Dave Robarts said new funding has allowed reduction of fees for camping and annual passes. In the past few years, the park has completed a new water line to the campground, automated a well system for the picnic area, paved roads and parking lots for Doane Pond and Silvercrest, put up new signage, and restored the 1934-era Silvercrest tables. Upcoming work will improve and restore historic residences, re-roof the ranger house, restore old CCC-era rock stoves, put new food lockers in the campgrounds, and repair & re-align trails. Employees are needed for the 9-month season, pay is about $9.85 per hour, must be 18 or older.
The park has two new vehicles, including a snowplow. An apple orchard is being restored by grafting new buds onto 100-year old rootstocks, and the Nate Harrison entrance is being repaved. A plan to build a butterfly garden did not work out and has been abandoned. The ponds have been stocked with trout, native bass, and catfish. Long range projects are to dredge the ponds, and make the Boucher Hill area into an observation point. Joe Weeks suggested the possibility of building a bed & breakfast inn there.
Michael Pique reported on the status of William Yale's proposed commercial development along the East Grade Road to pump and sell well water. Mr. Yale applied in August 1999 for a Major Use Permit (P99-021) to pump, from his 7 acre parcel, between 25 and 50 acre-feet per year accumulated by the 570-acre Jeff Valley watershed. Normal use for a 7-acre residential parcel would be one-half acre-foot per year. A September 1993 48-hour pump test on the well showed direct impacts on both Cedar Creek and on neighboring wells.
Although Mr. Yale has moved forward toward a Major Use Permit, no studies on the environmental and biological consequences of the proposed pumping have yet been done. The PMPO requested in September 1999, and the County agreed, that an Environmental Impact Report (EIR) be required to address the biological and long-term hydrological consequences of Cedar Creek drawdown, the traffic safety issues, the pollution and noise from the planned diesel generator, as well as the possibly precedent-setting taking of water resources. The PMPO's consultant Jerry McLees has been monitoring the county offices. He says the next event, probably sometime this summer, will be the county issuing a ``notice of preparation'' of the EIR, detailing what the EIR must include, to which the PMPO and Palomar Mountain residents may respond.
Bruce Graves explained how the recent US Bureau of Land Management and US Forest Service resurvey of Palomar Mountain sections 14 and 15 has resulted in the Forest Service gaining 18 acres at the expense of residents, and may have disrupted the boundaries of all parcels in those sections, which includes Crestline and Birch Hill.
The PMPO has met with the U.S. Forest Service and the Bureau of Land Management, and discussed with Congressman Packard's staff the idea of a special bill restoring the boundaries to the long-established lines of actual occupation. This has not made much headway but we plan more meetings with the BLM. Palomar Mountain resident and attorney Bob Haase is coordinating our legal and technical discussions.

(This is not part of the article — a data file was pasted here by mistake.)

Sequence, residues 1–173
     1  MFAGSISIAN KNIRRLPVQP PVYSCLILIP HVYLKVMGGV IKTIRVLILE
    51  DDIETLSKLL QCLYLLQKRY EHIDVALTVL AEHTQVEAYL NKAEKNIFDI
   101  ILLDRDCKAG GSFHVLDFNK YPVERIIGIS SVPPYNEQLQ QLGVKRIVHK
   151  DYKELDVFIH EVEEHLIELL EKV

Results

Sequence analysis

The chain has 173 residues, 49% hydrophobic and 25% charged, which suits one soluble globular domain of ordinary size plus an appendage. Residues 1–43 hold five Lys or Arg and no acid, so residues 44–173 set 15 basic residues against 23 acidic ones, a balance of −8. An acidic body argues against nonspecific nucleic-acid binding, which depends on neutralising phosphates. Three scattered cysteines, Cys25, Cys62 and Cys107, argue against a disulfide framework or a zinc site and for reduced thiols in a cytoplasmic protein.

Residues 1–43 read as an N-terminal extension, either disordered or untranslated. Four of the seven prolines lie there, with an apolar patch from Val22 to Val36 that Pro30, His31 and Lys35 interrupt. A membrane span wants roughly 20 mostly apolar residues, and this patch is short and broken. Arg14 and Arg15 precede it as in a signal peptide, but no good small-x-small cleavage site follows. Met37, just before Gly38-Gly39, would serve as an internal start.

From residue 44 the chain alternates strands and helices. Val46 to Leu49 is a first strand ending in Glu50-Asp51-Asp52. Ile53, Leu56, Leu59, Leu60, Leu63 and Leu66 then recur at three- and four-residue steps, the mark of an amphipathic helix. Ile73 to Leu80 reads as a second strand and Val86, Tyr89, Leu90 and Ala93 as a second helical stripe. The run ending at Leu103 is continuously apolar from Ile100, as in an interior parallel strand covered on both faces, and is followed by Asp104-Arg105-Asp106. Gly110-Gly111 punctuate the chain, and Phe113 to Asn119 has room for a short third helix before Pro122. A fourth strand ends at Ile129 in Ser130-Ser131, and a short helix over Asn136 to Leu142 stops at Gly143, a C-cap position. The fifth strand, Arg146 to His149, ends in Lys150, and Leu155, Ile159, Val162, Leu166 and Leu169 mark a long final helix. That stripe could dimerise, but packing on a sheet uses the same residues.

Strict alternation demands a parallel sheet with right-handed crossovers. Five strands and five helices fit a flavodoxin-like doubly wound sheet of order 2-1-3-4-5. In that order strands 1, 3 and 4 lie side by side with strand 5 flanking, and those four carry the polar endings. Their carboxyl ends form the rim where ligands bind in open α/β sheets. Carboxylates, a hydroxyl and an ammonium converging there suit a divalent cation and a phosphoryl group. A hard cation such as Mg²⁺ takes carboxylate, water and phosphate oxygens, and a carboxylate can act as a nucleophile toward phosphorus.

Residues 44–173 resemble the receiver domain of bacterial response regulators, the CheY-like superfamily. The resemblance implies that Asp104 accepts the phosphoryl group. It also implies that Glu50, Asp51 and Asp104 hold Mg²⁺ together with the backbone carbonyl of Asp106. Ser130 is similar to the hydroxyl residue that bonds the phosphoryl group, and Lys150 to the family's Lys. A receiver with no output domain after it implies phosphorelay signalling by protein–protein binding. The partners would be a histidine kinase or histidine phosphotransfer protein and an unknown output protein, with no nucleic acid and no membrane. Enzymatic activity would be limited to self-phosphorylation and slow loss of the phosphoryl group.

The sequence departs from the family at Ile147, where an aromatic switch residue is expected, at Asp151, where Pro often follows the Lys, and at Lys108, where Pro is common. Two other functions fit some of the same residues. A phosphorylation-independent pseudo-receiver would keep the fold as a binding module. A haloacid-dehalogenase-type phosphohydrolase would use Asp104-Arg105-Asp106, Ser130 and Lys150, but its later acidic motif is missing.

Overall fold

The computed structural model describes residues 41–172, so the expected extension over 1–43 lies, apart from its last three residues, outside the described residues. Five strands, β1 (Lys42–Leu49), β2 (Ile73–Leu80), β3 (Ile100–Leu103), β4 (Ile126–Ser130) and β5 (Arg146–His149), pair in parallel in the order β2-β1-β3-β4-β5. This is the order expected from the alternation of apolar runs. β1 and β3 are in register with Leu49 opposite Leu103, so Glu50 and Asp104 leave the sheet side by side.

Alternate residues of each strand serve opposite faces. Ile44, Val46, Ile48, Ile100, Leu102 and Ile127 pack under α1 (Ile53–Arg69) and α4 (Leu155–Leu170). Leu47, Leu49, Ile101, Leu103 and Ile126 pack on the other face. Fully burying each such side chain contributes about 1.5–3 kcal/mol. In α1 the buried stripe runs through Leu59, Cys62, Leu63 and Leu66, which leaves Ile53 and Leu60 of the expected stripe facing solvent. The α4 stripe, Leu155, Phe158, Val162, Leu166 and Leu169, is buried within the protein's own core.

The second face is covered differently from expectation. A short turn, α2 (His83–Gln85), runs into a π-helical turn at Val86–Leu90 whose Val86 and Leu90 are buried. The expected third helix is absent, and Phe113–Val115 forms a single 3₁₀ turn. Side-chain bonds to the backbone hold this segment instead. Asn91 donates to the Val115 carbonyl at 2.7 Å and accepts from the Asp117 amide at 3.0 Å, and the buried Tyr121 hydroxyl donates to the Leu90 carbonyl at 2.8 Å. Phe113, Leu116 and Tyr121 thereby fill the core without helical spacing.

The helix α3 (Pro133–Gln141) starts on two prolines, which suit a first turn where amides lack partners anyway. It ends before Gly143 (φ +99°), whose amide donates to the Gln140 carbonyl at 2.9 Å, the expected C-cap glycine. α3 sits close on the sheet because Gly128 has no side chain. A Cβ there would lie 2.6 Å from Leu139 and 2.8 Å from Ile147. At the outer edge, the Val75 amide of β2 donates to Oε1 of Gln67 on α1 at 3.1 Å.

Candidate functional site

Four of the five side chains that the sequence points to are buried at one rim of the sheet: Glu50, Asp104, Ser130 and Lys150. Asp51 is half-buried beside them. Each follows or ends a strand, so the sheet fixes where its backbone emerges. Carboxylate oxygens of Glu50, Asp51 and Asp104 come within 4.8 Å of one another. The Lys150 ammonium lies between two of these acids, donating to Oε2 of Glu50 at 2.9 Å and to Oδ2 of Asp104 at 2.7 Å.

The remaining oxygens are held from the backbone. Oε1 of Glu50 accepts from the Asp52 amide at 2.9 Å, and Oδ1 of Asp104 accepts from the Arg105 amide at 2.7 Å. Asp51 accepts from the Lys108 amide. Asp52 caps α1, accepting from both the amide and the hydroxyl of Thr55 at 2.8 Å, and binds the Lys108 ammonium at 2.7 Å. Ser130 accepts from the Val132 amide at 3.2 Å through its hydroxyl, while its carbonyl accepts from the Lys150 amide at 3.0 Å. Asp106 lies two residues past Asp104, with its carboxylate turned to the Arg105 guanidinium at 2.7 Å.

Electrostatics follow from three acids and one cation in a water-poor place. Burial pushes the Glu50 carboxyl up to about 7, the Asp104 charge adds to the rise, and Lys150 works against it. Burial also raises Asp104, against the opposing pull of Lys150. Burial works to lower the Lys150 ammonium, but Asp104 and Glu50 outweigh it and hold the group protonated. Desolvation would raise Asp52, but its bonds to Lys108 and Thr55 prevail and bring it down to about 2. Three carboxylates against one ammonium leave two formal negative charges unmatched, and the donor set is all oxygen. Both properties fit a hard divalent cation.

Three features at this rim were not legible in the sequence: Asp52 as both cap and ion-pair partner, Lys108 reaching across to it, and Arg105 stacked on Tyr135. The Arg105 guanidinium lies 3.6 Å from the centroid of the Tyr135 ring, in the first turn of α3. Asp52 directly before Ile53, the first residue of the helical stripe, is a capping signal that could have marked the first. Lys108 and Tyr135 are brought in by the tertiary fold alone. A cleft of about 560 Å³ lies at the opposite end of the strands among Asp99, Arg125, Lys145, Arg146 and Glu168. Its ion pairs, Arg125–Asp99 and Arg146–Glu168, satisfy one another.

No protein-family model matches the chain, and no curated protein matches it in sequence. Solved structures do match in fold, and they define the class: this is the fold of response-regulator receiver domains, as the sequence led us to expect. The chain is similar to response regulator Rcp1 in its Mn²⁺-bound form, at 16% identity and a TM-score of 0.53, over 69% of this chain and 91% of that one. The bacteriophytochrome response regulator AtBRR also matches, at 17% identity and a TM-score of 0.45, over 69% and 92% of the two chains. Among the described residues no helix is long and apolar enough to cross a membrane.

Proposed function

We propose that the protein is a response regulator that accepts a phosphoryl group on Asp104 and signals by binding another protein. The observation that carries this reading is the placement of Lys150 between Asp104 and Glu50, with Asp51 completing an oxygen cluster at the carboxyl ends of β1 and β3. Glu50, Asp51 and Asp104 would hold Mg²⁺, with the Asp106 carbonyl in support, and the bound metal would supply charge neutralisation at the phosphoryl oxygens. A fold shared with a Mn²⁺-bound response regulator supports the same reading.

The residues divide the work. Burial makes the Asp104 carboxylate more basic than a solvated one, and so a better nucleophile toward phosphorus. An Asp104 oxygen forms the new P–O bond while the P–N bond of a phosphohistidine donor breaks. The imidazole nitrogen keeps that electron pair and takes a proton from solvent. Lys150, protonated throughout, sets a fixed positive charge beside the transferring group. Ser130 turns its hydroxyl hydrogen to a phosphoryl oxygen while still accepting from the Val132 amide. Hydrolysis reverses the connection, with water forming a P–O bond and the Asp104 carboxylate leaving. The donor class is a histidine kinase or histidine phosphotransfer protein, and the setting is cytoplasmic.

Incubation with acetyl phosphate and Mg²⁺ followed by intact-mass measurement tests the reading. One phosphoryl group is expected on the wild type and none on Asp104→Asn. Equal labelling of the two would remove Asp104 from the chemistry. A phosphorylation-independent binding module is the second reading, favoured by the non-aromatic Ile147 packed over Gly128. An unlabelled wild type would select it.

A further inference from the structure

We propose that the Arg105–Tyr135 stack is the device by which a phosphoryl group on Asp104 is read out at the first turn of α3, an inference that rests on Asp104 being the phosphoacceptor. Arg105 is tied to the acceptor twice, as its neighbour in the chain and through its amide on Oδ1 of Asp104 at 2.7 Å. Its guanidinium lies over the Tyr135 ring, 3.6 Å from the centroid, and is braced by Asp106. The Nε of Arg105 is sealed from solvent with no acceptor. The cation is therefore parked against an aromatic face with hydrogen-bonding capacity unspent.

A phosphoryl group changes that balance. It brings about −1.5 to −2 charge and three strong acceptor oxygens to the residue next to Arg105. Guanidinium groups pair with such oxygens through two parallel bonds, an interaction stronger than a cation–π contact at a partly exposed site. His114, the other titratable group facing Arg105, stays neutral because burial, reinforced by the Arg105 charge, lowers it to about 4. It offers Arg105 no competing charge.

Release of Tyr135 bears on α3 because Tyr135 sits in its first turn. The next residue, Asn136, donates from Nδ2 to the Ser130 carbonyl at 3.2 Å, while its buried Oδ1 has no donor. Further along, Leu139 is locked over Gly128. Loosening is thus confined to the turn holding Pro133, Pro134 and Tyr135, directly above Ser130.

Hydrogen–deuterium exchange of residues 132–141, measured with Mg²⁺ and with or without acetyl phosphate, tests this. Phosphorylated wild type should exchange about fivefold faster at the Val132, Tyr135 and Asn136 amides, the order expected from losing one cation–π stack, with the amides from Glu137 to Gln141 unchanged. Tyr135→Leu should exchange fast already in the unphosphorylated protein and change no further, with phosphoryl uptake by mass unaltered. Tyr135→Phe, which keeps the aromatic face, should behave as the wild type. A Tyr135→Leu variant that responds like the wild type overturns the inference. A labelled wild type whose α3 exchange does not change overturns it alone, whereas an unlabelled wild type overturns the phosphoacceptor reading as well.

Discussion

A new survey by local surveyor Bob Wallace is in progress, funded by special contributions to the PMPO. The PMPO still needs old maps, particularly of Crestline, and field notes that might help clarify survey issues. If you can help, call Jack Norvall, the PMPO board member in charge of office and field research, at (760) 742-8749.
The PMPO is representing the ``North Mountain Area'' in the San Diego County Department of Planning and Land Use comprehensive update of their year 2020 general plan. This effort includes remedying the unfortunate and little-known effect of the 1993 ``Forest Conservation Initiative'' that down-zoned ``The Summit'' (general store, Mother's Kitchen restaurant, Yoga Center) from General Commercial to Residential Commercial. If, for example, a fire should destroy the store, it could not be rebuilt and we would have no store for residents and guests.
Michael Pique, PMPO secretary, is receiving the notices of the DPLU 2020 meetings and will post them on his web site at www.palomarmountain.com/upcoming.html.
The Chair announced that there are five open seats on the PMPO Board, The five incumbents running for re-election were Joseph Weeks, Debbie Bauer/Karl Bauer, Michael Pique, Terri Bailey, and Robert Sterner. Nominations from the floor were received for Elliott Miller and Tracy Dixon. After statements by the nominees, ballots were distributed, collected, and counted by Russ Day.
The following were elected to terms expiring May 2003: Debbie Bauer/Karl Bauer, Terri Bailey, Elliot Miller, Michael Pique, and Robert Sterner. The other board members' terms are: Bruce Graves, Donna Dose, Tom Burton, Russ Day, and Susan Humason (terms expiring May 2001); and Jack Norvall, Bob Thicksten, Robert Carlyle, Jim Billups/Steve Clark (alternate), and John Tainer/Elizabeth Getzoff; (terms expiring May 2002);
The meeting was adjourned at 12:44 P.M.
Michael E. Pique, Secretary